There are many misconceptions about the CME’s responsibilities in the MF Global (MF) situation, and the implications of this situation for the CME’s longstanding claims that no customer has lost money as a result of a clearing member default. These misconceptions are epitomized by this Sun Times article:
CME owns the Chicago Mercantile Exchange, Chicago Board of Trade and the New York Mercantile Exchange, where much MF Global business took place. It legally clears, or guarantees, the trading on its markets and often boasts that no customer has ever lost money because a trading firm failed.
That more than 100-year record may be in jeopardy with MF Global, one of the largest brokerages on the Chicago and New York commodity markets. Former New Jersey governor and Goldman Sachs Group Inc. chairman Jon Corzine led the firm but made a disastrous investment in European debt.
The claim is true, and regardless of what happens with MF it will remain true. The clearing guarantee is not in play here.
If clearing firm A defaults, customers of clearing firms B, C, etc., will get paid as long as the clearinghouse is solvent. That has always been the case in the past, and it is true now.
It is possible that customers can lose money under the omnibus account system employed in the US, if there is a default on A’s customer account, and A cannot cover it, then A’s customers bear some of the losses. As an example of this, the London customers of Griffin trading lost money when that firm went bust in 1999: no US customer customer lost. (Customers of a COMEX member, Volume Investors, did lose when that firm went under).
There was no default in either MF Global’s house or customer accounts, so the clearinghouse guarantee never came into play. So the Sun Times account–like many others–is fundamentally misleading.
Moreover, 60 percent of customer margin associated with open positions was transferred to other clearing members. Most of the missing money in question, from what has been reported, was customer money on deposit at MF Global but not margin associated with open positions. (That is the case with two MF customers I know personally.) The CME clearinghouse guarantee has nothing to do with that money.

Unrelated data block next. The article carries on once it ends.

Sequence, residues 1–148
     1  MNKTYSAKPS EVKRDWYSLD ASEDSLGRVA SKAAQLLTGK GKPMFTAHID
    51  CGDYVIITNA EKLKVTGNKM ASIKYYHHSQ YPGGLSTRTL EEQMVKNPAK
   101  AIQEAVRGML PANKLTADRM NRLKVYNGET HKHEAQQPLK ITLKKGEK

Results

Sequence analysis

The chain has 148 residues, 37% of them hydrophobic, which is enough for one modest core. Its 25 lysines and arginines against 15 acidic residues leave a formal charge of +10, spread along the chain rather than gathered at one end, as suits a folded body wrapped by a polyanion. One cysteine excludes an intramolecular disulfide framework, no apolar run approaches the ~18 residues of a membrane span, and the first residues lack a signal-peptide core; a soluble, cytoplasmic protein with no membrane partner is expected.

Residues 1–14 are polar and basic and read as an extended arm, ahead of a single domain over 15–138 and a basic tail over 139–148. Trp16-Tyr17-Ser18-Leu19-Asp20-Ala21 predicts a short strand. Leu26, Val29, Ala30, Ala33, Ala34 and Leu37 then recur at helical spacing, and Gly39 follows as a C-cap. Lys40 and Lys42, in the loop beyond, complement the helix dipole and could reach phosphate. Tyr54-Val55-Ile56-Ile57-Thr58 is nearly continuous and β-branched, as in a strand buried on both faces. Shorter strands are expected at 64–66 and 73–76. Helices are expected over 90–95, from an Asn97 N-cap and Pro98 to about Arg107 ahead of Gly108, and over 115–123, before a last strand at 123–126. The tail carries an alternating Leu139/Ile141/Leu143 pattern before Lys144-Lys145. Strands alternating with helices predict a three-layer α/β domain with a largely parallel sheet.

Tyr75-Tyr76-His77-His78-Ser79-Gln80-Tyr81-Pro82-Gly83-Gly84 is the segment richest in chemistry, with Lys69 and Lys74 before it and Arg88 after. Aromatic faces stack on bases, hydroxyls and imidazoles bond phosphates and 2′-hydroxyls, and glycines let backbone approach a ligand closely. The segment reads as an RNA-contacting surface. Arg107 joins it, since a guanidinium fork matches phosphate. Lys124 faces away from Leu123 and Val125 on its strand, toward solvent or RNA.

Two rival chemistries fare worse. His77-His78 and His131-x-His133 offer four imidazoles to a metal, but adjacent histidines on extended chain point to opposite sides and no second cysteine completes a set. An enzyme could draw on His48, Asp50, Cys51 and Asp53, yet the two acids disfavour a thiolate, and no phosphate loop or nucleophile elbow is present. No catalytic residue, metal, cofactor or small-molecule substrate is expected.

CME has raised the amount that it is willing to commit to cover any shortfalls from the bankruptcy trustee’s distribution of cash to customers. This is not the CME’s legal obligation, but is, as I said in an FT article a couple of weeks ago, an indication of the importance of this situation to CME’s reputation.
CME will be subject to scrutiny primarily for its role as the MFer’s Designated Self-Regulatory Organization (and hence responsible for auditing it) prior to the firm’s rapid implosion. Moreover, as Jeff Carter (a one-time CME floor trader and board member) writes, CME has not done itself any favors with its handling of the “public perception of the crisis.” (Though I have also heard that CFTC is attempting to control what the exchanges–CME and ICE–are saying. As well it might, as it will also come under considerable scrutiny.)
A big question in my mind is why Corzine isn’t getting the Madoff treatment from the Feds and the media. He has been called to testify in front of a House committee. I wonder if he’ll invoke the amendment that comes right after the one about unreasonable searches and seizures. But it is amazing to me how little critical coverage he has received. Especially given the bad press that rich bankers are getting these days.
Oh, I forgot. He’s a progressive Dem in good standing. What was I thinking? My bad.
So there are two major things wrong with coverage of the MFer’s tale. The first is that the role of the CME’s guarantee to its customers is being misrepresented with some regularity–including by the home field rag. The second is that the most likely culprit–and certainly the person ultimately responsible for the firm’s collapse, and anything that occurred as the firm crashed and burned–is all but invisible.